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@uncheckedVariance can be used to bridge the gap between Scala's declaration site variance annotations and Java's invariant generics.

scala> import java.util.Comparator    
import java.util.Comparator

scala> trait Foo[T] extends Comparator[T]
defined trait Foo

scala> trait Foo[-T] extends Comparator[T]     
<console>:5: error: contravariant type T occurs in invariant position in type [-T]java.lang.Object with java.util.Comparator[T] of trait Foo
       trait Foo[-T] extends Comparator[T]

scala> import annotation.unchecked._    
import annotation.unchecked._

scala> trait Foo[-T] extends Comparator[T @uncheckedVariance]    
defined trait Foo

This says that java.util.Comparator is naturally contra-variant, that is the type parameter T appears in parameters and never in a return type.

This begs the question: why is it also used in the Scala collections library which doesn't extends from Java interfaces?

trait GenericTraversableTemplate[+A, +CC[X] <: Traversable[X]] extends HasNewBuilder[A, CC[A] @uncheckedVariance]

What are the valid uses for this annotation?

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Great question! –  oxbow_lakes Mar 16 '10 at 21:54

3 Answers 3

up vote 23 down vote accepted

The problem is that GenericTraversableTemplate is used twice: once for mutable collections (where its type parameter should be invariant), and once for immutable collections (where covariance is invariably king).

GenericTraversableTemplate's typechecks assuming either covariance or invariance for the A type parameter. However, when we inherit it in a mutable trait, we have to pick invariance. Conversely, we'd like covariance in an immutable subclass.

Since we can't abstract over the variance annotation (yet ;-)) in GenericTraversableTemplate, so that we could have instantiated it to either one depending on the subclass, we have to resort to casting (@uncheckVariance is essentially a kind-cast). For further reading, I recommend my dissertation (sorry ;-)) or our recent bitrot paper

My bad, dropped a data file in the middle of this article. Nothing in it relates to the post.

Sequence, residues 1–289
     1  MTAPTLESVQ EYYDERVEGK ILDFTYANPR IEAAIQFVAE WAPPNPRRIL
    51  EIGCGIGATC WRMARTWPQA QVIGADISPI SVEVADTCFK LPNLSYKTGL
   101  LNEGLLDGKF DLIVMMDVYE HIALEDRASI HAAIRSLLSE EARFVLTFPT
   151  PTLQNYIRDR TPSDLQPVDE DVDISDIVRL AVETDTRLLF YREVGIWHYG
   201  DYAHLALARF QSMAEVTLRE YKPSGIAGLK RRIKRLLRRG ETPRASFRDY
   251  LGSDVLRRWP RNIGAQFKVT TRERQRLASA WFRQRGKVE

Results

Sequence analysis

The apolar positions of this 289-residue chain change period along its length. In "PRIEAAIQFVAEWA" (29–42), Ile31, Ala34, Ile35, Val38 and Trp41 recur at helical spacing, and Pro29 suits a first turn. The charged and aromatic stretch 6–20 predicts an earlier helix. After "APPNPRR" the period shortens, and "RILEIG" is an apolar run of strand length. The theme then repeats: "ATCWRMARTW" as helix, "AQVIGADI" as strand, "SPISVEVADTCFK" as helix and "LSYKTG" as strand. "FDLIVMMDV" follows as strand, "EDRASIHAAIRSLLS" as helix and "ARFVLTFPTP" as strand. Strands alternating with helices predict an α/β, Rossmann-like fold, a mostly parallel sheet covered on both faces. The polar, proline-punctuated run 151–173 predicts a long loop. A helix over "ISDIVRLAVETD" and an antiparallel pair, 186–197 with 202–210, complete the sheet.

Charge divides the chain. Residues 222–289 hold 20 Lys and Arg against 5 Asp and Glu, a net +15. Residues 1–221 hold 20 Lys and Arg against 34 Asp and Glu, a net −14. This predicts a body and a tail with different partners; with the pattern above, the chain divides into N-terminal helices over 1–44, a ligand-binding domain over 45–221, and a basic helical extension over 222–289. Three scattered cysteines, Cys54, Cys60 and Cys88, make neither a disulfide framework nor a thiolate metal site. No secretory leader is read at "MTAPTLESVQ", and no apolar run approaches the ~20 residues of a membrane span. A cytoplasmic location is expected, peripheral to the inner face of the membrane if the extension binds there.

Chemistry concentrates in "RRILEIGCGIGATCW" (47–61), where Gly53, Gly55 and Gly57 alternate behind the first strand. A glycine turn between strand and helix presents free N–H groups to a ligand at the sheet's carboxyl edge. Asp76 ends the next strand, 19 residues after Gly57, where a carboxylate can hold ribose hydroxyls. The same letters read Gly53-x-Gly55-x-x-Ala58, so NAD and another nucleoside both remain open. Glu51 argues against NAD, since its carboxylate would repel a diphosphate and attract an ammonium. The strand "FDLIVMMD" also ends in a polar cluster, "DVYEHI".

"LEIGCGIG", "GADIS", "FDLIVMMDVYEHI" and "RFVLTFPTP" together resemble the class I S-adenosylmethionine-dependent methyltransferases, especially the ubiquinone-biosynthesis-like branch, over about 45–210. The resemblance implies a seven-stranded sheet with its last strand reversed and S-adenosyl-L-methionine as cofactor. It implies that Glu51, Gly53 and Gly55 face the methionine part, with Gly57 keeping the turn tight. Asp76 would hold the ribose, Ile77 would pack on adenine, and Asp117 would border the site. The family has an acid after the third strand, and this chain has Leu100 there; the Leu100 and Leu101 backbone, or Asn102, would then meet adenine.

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Thanks! I enjoyed reading the bitrot paper last week, but it doesn't specifically deal with the problem of integrating co- and in-variant collections under a common parent. I guess I'll see what's in your dissertation :) –  retronym Mar 16 '10 at 16:19
Well, it was mostly a shameless plug -- my dissertation doesn't really deal with that exact problem directly. It should have some more musings on that more powerful kind of polymorphism, though. I'll add some more thoughts below. –  Adriaan Moors Mar 17 '10 at 9:42
"invariably king"...ha ha –  Paul Draper Nov 28 '14 at 23:43

In my thesis I describe a calculus, Scalina, that has bounds & variance annotations as part of the kind language (an earlier version is also available as a workshop paper). The relevance to this discussion is the next step that I want to take in developing this calculus: build another layer on top of that so that you can abstract over bounds (easy) and variance annotations (makes my head spin). Actually, you wouldn't just tack 1 extra layer on there, but rather generalise your polymorphism constructs so they work at all levels, and make your "attributes" (bounds, variance annotations, required implicit arguments,...) into regular types with special kinds, which are all subject to abstraction.

The "attributes are types" idea is explained nicely by Edsko de Vries in the context of uniqueness types.

Uniqueness Typing Simplified, Edsko de Vries, Rinus Plasmeijer, and David Abrahamson. In Olaf Chitil, Zoltán Horváth and Viktória Zsók (Eds.): IFL 2007, LNCS 5083, pp. 201-218, 2008.

Abstract: We present a uniqueness type system that is simpler than both Clean's uniqueness system and the system we proposed previously. The new type system is straightforward to implement and add to existing compilers, and can easily be extended with advanced features such as higher rank types and impredicativity. We describe our implementation in Morrow, an experimental functional language with both these features. Finally, we prove soundness of the core type system with respect to the call-by-need lambda calculus.

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I found another time where @uncheckedVariance is used -- the synthetic method that returns the default value for a parameter of an abstract type:

M:\>scala -Xprint:typer -e "class C { def p[T >: Null](t: T = null) = t }"
[[syntax trees at end of typer]]// Scala source: (virtual file)
package <empty> {
  final object Main extends java.lang.Object with ScalaObject {
    def this(): object Main = {
    def main(argv: Array[String]): Unit = {
      val args: Array[String] = argv;
        final class $anon extends scala.AnyRef {
          def this(): anonymous class $anon = {
          class C extends java.lang.Object with ScalaObject {
            <synthetic> def p$default$1[T >: Null <: Any]: Null @scala.annotation.unchecked.uncheckedVariance = null;
            def this(): this.C = {
            def p[T >: Null <: Any](t: T = null): T = t
          new $anon();
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